Tindavala in the company of Estella and Nuno

 

And with Nancy I went to a Semba class

 

View from the Miradouro de Lua

 

Family for one day (https://familyontracks.wordpress.com/)

And like someone in love I had moments of dissatisfaction too. The crossing of the mouth of the Congo river to reach the province of Cabinda was challenging as it ended up with me having to be separated from my trusty bike but once in Cabinda, when a little boy came running excitedly to my tent to show me his puppy love was all I felt.

I had to fly to Cabinda without Foxtrot!!
But after two days we were reunited
Love is all I felt!

 

28 thoughts on “Falling in love – Angola on a bike”

  1. Blanca how beautiful this instalment is and so moving. Thank you once again for your generosity in sharing your travels and opening the windows to the world xxx
    Carine and Dinks

  2. Hi Blanca , always very nice to know that you are in good health.
    Your report are very interesting. Ihave been in 2010 in south angola ( by jeep ) and can understand very well what you are talking about. have a nice trip .
    carlo perissinotto
    treviso
    north east italy

  3. Blanca, you are a hero! A courageous, articulate, athlete; I am sure that your journey does very, very much for world peace through understanding. I follow you since Dr. Teresa Gipso, whom you met in Malawi, shared your connection. If ever you come back through Kenya, please know you have friends here and we would love to host you.

    Safari nzuri!

  4. a privilege to read this story breaking on my birthday.
    there is something positive about iberia and its influence in the
    world. equatorial guinea is maybe another African country
    under this Iberian kinship. thank you and blessed regards.

  5. What a beautiful experience dear Blanca.
    Thanks for sharing your traveling experience. Congratulations for your courage, take care.
    Nahid
    Ongwediva, Namibia

  6. Hi Blanca. This one touched me deeply. My brother passed away in Angola. He went back there some years after he was there as a soldier. He worked as a missionary when he passed away. He loved Angola so much. Thanks for sharing.

    1. I was moved to read your comment and sorry for your loss. Angola is an incredible country where I received nothing by warmth. I’m sure your brother had many happy times there when he returned as a missionary.

  7. Oh how wonderful to hear so much about how wonderful humanity is – we are so easily persuaded otherwise by what few media stories we hear about. So lovely to hear that your adventure continue to bring you so much joy and make you smile – I can only imagine the nerves as each country unfolds in front of you. Keep that radar going but hopefully you have more faith each day in your own judgement to enjoy the incredible hospitality. Can’t wait for the next chapter and reading your book which has to be a must xxx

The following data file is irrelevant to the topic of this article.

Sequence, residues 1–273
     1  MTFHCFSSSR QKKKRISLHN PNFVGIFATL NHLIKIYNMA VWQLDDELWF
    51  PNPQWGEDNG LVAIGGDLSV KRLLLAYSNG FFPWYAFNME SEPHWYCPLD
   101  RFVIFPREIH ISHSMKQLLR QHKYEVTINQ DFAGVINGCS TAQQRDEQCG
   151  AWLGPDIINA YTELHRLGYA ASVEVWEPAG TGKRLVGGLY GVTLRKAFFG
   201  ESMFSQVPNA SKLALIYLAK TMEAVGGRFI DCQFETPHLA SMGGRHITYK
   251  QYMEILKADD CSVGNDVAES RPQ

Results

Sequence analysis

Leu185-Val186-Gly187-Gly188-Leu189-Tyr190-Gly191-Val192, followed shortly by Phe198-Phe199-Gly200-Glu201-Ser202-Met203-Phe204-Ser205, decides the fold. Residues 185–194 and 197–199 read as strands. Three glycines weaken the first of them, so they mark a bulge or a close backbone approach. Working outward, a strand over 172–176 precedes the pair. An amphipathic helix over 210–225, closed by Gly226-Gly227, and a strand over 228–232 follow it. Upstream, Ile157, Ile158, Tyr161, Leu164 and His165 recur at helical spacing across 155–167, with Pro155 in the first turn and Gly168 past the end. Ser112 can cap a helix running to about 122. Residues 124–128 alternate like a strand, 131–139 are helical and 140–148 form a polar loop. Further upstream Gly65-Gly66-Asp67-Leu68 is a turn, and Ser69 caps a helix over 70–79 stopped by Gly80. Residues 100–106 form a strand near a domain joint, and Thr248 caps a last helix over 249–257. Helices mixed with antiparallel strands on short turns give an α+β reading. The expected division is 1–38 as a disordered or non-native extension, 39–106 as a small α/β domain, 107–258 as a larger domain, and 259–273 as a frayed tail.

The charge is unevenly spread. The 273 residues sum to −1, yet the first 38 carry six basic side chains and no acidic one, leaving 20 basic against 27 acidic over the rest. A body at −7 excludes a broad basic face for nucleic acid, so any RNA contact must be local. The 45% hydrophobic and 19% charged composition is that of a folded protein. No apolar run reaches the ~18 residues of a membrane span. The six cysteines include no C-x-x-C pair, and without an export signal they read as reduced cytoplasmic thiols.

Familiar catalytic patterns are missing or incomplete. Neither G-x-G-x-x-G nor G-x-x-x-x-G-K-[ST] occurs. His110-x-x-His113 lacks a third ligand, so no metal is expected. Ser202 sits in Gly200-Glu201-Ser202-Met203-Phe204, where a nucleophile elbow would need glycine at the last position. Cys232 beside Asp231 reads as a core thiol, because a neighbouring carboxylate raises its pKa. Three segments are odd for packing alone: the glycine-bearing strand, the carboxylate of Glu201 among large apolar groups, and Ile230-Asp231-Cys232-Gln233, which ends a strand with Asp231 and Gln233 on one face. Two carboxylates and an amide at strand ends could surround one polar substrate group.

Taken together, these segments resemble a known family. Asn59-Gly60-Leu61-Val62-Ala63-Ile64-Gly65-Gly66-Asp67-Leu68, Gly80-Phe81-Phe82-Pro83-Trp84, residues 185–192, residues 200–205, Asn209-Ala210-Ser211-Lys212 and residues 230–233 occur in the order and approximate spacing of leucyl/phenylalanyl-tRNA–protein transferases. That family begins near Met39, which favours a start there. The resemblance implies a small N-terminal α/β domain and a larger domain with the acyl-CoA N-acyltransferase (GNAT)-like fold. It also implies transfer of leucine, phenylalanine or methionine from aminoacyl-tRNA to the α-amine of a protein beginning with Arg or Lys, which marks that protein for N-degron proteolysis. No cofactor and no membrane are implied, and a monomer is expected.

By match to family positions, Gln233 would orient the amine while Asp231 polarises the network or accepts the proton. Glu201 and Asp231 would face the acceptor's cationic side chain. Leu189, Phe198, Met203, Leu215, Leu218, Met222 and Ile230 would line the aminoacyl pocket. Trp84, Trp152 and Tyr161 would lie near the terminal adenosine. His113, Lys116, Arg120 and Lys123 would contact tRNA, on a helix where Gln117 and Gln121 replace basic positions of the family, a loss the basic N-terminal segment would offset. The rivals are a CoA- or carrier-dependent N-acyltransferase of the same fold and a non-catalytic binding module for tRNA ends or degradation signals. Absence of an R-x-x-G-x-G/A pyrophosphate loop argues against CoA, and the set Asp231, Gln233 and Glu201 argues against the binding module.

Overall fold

8. 14 months of cycling in Africa, amazing. Stupid questions, how come you never look tired and how do you keep your clothes so white and clean looking? Also do you try to do a certain number of km a day or just stop whenever and how do u find places to stay.

    1. Thank you for your comment. No question is a silly question and I would ask exactly what you are asking!

      Looking well
      Whenever I can i try to not overstretche or overtire myself, rest well, eat well and as balanced as I can with what I can find locally and keep hydrated. I love seeing the world from the sadle of my bike and probably that contributes to my looks!

      As for my clothes I just wash them regularly. You can find powder detergent everywhere and it doesn’t take long to give them a quick rinse.

      Distances – I generally aim to get to a village to camp (there is always water in villages to wash myself and y clothes and to cookband I feel safer there) a minimum of 60 km away, sometimes more sometimes less. Most times it works ok

      Hope this answers your questions

  9. Dear Blanca

    My husband David and I met you in Cat ba while we were cycle touring.
    I have been following along with your blog since then and I am very inspired by you.
    Sending along love and best wishes from Canada

    Janis and David

    1. Hi both
      Thanks for taking the time to write to me.

      Hope you’re well. I remember our meeting in that cafe by the waterfront. Vietnam was great!!

      Big hugs

  10. Angola sounds so welcoming in-spite of the poverty and the recent memories of war, another wonderful description. Wish I could be there with you! Enjoy the next part of your travels in West Africa!

    Lots of love

    Kath xxx

  11. I love all your blogs but this one was even more special and it brought tears to my eyes. Your continuing strength, courage and sense of fun is wonderful to witness.
    I’ve recently travelled in Sri Lanka and I was there for the bombing. Although an hour away from the blasts it was horrific, mainly because of the devastating impact on the tourist industry which was slowly growing following their healing since their civil war and then that devastating tsunami. I think they need a lot of blessings in all their religions there to help them recover yet again.
    Thanks so much for sharing it all with us. Love Jude

  12. once again Blanca, thank you for sharing your experiences. You overcome fears , which is my definition of brave. Thank you

  13. ahhh Blanca, his little facey with that puppy………..

    much love and good wishes to you. You universal traveler you.

    xxxxxxxxxxxx

  14. Otro relato estupendo !!
    A tu vuelta tienes que publicar un libro con toda tu aventura….
    Besos desde Zaragoza

  15. I’m lost for words Blanca. What a wonderful world you’re describing. Incredibly refreshing in the dire political times we’re having here in the UK. We think of you everyday. Keep safe. Dorothy xx